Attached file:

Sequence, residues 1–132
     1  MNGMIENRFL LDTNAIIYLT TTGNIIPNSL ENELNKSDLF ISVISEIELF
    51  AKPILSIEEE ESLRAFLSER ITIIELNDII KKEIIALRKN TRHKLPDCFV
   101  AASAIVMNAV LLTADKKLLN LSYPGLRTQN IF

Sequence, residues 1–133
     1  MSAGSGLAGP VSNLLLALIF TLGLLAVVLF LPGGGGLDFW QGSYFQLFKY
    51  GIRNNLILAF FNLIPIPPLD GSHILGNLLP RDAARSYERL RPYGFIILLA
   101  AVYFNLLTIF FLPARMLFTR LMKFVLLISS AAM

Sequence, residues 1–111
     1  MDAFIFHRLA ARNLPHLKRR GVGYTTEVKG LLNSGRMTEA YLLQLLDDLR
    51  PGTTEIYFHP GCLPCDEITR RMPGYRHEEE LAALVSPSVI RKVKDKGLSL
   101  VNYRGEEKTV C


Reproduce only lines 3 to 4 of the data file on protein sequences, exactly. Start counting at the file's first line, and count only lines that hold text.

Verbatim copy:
    51  AKPILSIEEE ESLRAFLSER ITIIELNDII KKEIIALRKN TRHKLPDCFV
   101  AASAIVMNAV LLTADKKLLN LSYPGLRTQN IF